The simple way – use masking tape to mark off the width of cross buck desired, then spray paint them on. The downsides are this does not give a three dimensional look and there is a good chance of the paint peeling off over time.

Order flat steel trims with hems on both sides and screw onto each high rib with metal-to-metal stitch screws. Again this does not give the three dimensional look. Even with the hems, these are prone to “oil can” (look wavy) with changes in temperature. In most instances, these trims are limited to lengths of usually 10’6″ which can result in splices, which may not be desirable.

Dimensional lumber (I would recommend it be pressure preservative treated) can be attached to the face of the steel siding. U shaped steel trim, bent to fit the lumber, with hems on both of the short legs can be used to cover the lumber. This will give the three dimensional look, however will still present some of the same challenges as did the flat steel trims.

 

 

Barn Doors, Freight, and Barndomonium!

DEAR POLE BARN GURU: I would like to see if there is a product out there for the back of my barn. My barn is set up with two stall doors. The back door allows the horses to go into their pastures 24/7. I currently have tin on wooden doors and this cuts them up occasionally. Is there anything I can put on there besides tin? Any recommendations would be appreciated. DEBBIE in WILLARDS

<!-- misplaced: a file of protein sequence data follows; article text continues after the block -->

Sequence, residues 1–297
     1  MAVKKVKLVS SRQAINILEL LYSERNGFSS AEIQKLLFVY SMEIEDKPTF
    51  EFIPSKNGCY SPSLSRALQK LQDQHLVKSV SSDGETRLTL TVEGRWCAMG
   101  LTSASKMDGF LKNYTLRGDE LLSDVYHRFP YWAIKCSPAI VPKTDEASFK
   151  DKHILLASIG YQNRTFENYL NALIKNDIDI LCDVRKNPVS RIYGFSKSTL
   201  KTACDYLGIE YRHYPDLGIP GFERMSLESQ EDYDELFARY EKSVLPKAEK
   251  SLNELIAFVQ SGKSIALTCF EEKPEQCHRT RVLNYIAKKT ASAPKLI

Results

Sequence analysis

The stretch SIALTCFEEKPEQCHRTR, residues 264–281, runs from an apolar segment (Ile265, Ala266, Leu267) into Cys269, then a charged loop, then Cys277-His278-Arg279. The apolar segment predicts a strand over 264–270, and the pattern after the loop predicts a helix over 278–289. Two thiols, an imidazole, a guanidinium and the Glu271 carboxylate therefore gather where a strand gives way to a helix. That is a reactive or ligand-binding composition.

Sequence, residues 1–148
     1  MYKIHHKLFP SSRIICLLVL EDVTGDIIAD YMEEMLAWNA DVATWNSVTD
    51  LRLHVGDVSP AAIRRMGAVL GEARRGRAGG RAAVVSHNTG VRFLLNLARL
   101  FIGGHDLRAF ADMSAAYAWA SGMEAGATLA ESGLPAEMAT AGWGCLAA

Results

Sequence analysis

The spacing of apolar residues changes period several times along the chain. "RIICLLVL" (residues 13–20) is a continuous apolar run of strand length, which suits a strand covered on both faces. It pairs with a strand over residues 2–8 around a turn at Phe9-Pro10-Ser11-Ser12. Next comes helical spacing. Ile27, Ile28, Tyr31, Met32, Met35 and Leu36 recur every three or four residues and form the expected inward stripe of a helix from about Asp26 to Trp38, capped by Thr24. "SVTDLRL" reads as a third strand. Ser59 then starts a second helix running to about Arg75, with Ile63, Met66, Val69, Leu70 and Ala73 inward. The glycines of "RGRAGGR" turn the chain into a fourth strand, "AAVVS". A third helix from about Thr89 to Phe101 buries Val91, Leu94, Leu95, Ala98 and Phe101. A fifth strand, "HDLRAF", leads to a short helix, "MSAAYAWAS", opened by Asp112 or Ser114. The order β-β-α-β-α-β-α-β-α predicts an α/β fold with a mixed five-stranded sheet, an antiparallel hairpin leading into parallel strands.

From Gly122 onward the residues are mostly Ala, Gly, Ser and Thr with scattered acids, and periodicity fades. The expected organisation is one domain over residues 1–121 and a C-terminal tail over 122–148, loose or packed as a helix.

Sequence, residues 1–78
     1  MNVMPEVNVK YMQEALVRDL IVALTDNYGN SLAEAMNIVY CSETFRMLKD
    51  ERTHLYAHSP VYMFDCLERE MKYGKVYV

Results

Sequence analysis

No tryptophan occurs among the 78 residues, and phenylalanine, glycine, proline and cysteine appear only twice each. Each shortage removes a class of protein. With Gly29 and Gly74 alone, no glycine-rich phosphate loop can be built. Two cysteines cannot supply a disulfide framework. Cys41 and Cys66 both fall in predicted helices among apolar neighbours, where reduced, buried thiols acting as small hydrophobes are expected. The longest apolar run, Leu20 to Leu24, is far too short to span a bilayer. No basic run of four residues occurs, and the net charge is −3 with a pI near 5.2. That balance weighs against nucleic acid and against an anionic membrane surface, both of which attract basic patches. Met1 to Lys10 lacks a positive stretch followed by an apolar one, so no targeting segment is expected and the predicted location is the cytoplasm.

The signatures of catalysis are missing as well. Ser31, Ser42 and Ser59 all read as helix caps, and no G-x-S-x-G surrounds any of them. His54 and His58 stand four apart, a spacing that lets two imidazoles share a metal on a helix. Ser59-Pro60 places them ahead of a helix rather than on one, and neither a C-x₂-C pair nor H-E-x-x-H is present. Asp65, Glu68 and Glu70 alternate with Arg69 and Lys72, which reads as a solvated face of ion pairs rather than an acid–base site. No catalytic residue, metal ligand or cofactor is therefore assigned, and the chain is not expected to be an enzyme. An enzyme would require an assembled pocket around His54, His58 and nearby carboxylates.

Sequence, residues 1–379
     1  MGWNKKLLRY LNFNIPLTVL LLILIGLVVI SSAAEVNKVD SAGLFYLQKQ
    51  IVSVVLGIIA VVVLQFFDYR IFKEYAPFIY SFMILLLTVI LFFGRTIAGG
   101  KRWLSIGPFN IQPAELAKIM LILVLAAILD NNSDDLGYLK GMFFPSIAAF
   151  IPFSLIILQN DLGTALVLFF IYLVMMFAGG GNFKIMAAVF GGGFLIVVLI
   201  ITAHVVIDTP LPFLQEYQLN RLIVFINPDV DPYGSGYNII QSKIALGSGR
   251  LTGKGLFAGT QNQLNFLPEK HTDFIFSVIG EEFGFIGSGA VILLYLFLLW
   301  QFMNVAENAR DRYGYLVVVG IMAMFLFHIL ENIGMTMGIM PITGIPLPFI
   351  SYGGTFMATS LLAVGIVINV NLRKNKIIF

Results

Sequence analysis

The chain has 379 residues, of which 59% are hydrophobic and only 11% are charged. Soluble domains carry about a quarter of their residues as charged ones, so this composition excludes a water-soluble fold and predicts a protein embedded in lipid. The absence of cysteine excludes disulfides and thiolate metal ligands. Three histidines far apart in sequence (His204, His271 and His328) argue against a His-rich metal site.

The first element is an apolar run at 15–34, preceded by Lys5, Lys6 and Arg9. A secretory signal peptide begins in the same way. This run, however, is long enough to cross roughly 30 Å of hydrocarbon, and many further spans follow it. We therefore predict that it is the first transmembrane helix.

Animal Confinement BuildingDEAR DEBBIE: Your best solution for covering the doors is “tin” (actually it is steel), as it will be both the most affordable and most durable. If your horses are getting cut by it, it means the steel was improperly installed. Any edges of the steel should be tucked neatly into J Channel trims, which will protect your horses from snagging an edge. Take a color photo of the door(s) along with the measurements of the door to the Pro Desk at your local The Home Depot® and they should be able to assist you in getting the needed parts.

DEAR POLE BARN GURU: How much is shipping for a building to Michigan? DON in RICHMOND

DEAR DON: In the continental United States (a.k.a. the lower 48) shipping to your accessible site is always included in the basic price, other than if a toll ferry is involved. In those cases, the actual ferry charges will be added as incurred.

 

DEAR POLE BARN GURU: Hi, my husband and I are looking I to purchasing a small piece of land and want to build a pole barn home on it. I’m envisioning 4 bed upstairs with 2 bath and a loft area and on the main floor a master bed with bath , kitchen/dining, great room at least 3 car garage . So you have anything that would be close to what I’m thinking? KELLI in NEW BADEN